Knoxville (WVLT) - You often hear stories about how traumatic events in peoples lives result in dramatic change.
That's never more evident than in the life of Tommy McGouey.
You may remember his name from an attempted officer assisted suicide here in Knoxville a few years ago.
Now years later, he says he's a changed man.
Volunteer TV's Stacy McCloud brings you his story.
"I thought death was the best route for me and that there was nothing else I could do," Tommy McGouey says of his suicide attempt 2003.
"I pulled over the hill and it was traffic stopped, trucks, people standing out in the street, news crew was there, police all around," says Connie Dodgen.
The moments Tommy McGouey and Connie Dodgen are re-living happened three and a half years ago, but are as clear as if they were yesterday.
"It was one of, well the worst, I had been through," says Connie.
After years of drugs and drinking, McGouey's girlfriend Connie finally had enough. "I was done and had let him know that."
Within hours of leaving, it quickly became the morning McGouey decided his life was no longer worth living. "It was a total sense of non purpose of having no purpose in this life."
Just after 1:00 a.m. on September 13, 2003, McGouey put his plan of a police assisted suicide into place.
"I knew it wasn't the right thing to do it," Tommy says.
After calling 911 saying a man was outside his apartment with a gun, he walked outside, unloaded pellet gun in hand, and waited.
"I prayed for forgiveness and that it would be over fast," McGouey never planned to hurt anyone, the only life he wanted to end was his own.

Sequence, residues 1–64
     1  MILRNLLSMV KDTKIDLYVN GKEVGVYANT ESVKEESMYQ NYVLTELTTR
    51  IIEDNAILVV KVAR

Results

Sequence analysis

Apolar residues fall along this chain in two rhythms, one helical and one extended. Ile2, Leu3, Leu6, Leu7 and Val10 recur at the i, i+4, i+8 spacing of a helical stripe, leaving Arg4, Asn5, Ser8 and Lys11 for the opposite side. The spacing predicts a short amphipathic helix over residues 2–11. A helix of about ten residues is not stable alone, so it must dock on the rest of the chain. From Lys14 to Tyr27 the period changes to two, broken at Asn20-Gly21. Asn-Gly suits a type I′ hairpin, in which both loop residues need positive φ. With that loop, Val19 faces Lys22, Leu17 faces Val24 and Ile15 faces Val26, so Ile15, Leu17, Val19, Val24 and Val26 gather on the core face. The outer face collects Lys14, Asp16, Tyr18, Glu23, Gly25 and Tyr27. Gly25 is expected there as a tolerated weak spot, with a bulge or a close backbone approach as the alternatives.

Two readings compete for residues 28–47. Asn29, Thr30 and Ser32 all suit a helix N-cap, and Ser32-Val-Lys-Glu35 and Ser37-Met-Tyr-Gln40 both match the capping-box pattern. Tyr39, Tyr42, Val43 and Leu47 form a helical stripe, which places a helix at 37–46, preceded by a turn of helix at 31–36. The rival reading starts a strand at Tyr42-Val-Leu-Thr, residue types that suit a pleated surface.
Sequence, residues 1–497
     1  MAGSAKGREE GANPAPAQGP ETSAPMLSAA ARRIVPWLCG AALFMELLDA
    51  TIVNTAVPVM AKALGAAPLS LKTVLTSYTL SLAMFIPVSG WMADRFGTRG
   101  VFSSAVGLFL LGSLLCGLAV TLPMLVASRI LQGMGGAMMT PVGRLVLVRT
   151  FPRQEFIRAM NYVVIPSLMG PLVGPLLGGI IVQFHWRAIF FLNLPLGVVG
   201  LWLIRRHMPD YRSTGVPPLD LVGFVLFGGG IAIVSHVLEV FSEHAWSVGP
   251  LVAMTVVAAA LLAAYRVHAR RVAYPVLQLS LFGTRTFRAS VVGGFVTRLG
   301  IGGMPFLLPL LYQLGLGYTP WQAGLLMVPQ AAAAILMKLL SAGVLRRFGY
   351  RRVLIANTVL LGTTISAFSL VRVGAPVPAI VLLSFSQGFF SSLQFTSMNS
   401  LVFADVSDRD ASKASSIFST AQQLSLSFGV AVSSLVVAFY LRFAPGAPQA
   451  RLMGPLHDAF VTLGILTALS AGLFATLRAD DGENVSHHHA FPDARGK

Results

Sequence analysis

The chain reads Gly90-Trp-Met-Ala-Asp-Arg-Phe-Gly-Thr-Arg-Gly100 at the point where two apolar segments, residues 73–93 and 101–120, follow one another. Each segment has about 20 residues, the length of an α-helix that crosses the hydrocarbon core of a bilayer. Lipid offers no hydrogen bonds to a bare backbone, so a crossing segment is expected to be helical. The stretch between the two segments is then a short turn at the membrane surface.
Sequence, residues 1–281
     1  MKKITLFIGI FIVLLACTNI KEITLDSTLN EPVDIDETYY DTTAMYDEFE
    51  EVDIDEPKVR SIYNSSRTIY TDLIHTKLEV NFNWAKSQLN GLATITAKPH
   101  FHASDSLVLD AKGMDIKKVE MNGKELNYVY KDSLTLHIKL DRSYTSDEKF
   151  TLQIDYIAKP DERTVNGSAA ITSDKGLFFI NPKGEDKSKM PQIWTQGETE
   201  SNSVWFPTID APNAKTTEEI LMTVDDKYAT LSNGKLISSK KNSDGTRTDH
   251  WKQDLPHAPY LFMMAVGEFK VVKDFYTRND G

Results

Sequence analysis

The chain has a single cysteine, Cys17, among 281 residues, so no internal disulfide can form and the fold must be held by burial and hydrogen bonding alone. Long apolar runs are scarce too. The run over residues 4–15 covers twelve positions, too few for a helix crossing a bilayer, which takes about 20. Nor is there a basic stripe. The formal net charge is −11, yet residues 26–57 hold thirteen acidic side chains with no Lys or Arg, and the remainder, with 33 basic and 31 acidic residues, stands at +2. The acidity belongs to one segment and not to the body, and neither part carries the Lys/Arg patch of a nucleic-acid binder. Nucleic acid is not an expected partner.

But when he brandished his unloaded weapon, police were put in a situation in which they had no choice but to react. "I was shot at by 6 police officers 27 times at fairy close range/"
How McGouey survived no one could quite figure out.
Meantime from behind bars, "I was sent to jail, spent my time, 18 months."
McGouey says he found the clues to solve the mystery of how his life was spared that night. "These are trained professionals, I do believe God was there protecting me."
A realization that came through a new addiction. "Psalm 18:4-6 says in my anguish I cried out to the Lord and the Lord heard my cries and answered my pleas."
McGouey says the word of God filled the emptiness that had consumed him for so many years prior to that lonely September night.
Leaving him forever changed and at the front door of Peace At Last Ministries.
"The Lord has a way of opening doors that seem unopenable and I became a member and client of this wonderful facility."
From client he grew to become associate executive director of the ministry, living with and mentoring to men that are trying to correct that beaten path he was once down.
"The program is six months to a year and I didn't know at the time I would be serving a life sentence here at peace at last, and I'm just really happy about it," Tommy says. "By helping others that is where i get the peace and joy I have missed for so long."
Joy reconnected here at the ministry, but even more by the woman, he now can call his bride to be, who despite it all has stood by his side.
"Love, faith, hope that it's gonna work out," Tommy says.
Far from proud of the event, it's a chapter in McGoey's life he says he's glad happened, because in the end it's made life so much more sweet.
Sadly, the end to Tommy's life of good may come way too soon.
Just weeks ago, Tommy was told he is dying of stage four liver cancer.
Coming up in Part 2, find what he is doing with the few months doctors say he has left and what he asks the community do to help keep his testimony alive.
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